An online film, part of a campaign aimed at bringing to justice Joseph Kony, the Ugandan leader of the violent, child-recruiting Lord’s Resistance Army (LRA), has been popular like no other advocacy film in recent memory. The viral film now has 48 million views on YouTube and Vimeo — 35 million of which were in the past day alone.
But with the film has come criticism for the charity behind it, Invisible Children. We’ve chronicled that criticism, first in a lengthy post on the charity’s methods to promote its cause, and then in an interview with a photographer who had taken a controversial photograph of the founders of the charity. While Kony and the LRA are undeniably brutal, critics of Invisible Children say it has manipulated the facts, oversimplified the issue and misrepresented Kony’s current whereabouts and actions, among other problems.
But just as the campaign has been criticized, so too have many come out in support of it. Celebrities have inundated their Twitter feeds with calls to their followers to help stop the brutal leader. Bloggers who cover Africa and technology have cautioned not to throw the baby out with the bathwater. And Thursday, even President Obama came out in support of the campaign.
Kony 2012 may have gone viral in large part because celebrities initially came on board. The filmmaker who made “Kony 2012,” Jason Russell, met with 20 “culture-makers,” including Tim Tebow, Angelina Jolie, Ryan Seacrest and Taylor Swift, to lobby for their support of the film, People reports.
By Wednesday and Thursday, the celebrity endorsements of the campaign were everywhere. Justin Bieber, Sean “Diddy” Combs, Ryan Gosling and Oprah all voiced their support on Twitter. Nina Dobrev, a Bulgarian-Canadian model, tweeted:
I've got close to 1.9 Million followers, if you all watch this and help in the smallest way it will make the BIGGEST LIFE SAVING DIFFERENCE— Nina Dobrev (@ninadobrev) March 7, 2012
Jon Turteltaub, Director of the “National Treasure” films and “Cool Runnings,” has also endorsed the campaign. In an e-mail to BlogPost, Turteltaub was pointedly critical of our earlier posts. He explained why he thought the Kony campaign was important, despite the questions about Invisible Children’s work:
The STORY is that those three guys are inspiring an entire generation of young people to get active and to make positive changes in their world. The STORY is that Joseph Kony's name is getting out there and that tens of millions of people are watching the video those guys made. The STORY is that even some goofballs from San Diego can change the world using media, the internet, and their hearts ...
I'm sure you ... remember when you were filled with optimism and enthusiasm at the thought of using your journalistic voice to make the world a better place. That's where Invisible Children and its supporters live ... and we should be proud and support their efforts, their successes and their courage.
Turteltaub’s letter suggests that making Kony’s name and face notorious will result in direct political action to stop him and the LRA. It is the same idea Invisible Children has championed throughout their campaign — that making the brutal leader “famous” can help bring him to justice.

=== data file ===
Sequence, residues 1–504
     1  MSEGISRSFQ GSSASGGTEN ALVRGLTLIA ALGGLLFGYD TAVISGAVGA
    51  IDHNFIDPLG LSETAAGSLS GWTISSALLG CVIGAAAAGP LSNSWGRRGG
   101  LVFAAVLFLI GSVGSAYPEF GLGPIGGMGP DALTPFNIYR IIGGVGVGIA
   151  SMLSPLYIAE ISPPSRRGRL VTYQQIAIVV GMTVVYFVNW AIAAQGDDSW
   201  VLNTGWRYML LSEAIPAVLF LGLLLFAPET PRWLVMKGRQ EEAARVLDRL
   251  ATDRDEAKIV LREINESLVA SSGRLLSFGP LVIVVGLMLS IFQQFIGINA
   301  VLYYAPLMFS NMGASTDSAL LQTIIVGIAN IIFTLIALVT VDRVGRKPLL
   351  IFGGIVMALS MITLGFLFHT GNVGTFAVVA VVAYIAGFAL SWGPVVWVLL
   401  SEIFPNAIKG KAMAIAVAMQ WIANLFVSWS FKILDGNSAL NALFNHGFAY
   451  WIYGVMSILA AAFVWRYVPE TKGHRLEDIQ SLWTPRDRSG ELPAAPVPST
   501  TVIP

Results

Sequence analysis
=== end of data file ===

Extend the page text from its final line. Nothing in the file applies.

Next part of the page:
They may be right. In 2009, a campaign by Invisible Children helped bring a bill to support stabilization and peace in Uganda and areas affected by the LRA into law.
And on Thursday, President Obama reaffirmed support of that bill. At a news conference, White House Press Secretary Jay Carney said the president “congratulates” the Americans who responded to this “unique crisis of conscience” and promised that America would continue to fight the LRA:
Many bloggers who cover Africa or social media have written more cautiously about the benefits of the campaign.
“Visible Children,” a student Tumblr blog that has received much attention for its criticism of the charity, said Wednesday that the problems in Uganda are “not one-dimensional” and that “postering, film-making and changing your Facebook profile picture” won’t help catch Kony.
In a lengthy post, blogger Ethan Zuckerman suggests that the problem is more layered than that. Zuckerman is the director of the MIT Center for Civic Media and founder of Global Voices, an international citizen bloggers Web site. He wrote:
As someone who believes that the ability to create and share media is an important form of power, the Invisible Children story presents a difficult paradox. If we want people to pay attention to the issues we care about, do we need to oversimplify them? And if we do, do our simplistic framings do more unintentional harm than intentional good? Or is the wave of pushback against this campaign from Invisible Children evidence that we’re learning to read and write complex narratives online, and that a college student with doubts about a campaign’s value and validity can find an audience? Will Invisible Children’s campaign continue unchanged, or will it engage with critics and design a more complex and nuanced response[?]
Invisible Children’s response to the criticisms of their campaign suggests that they are engaging with critics. Read that response here.
Below, the Kony 2012 video: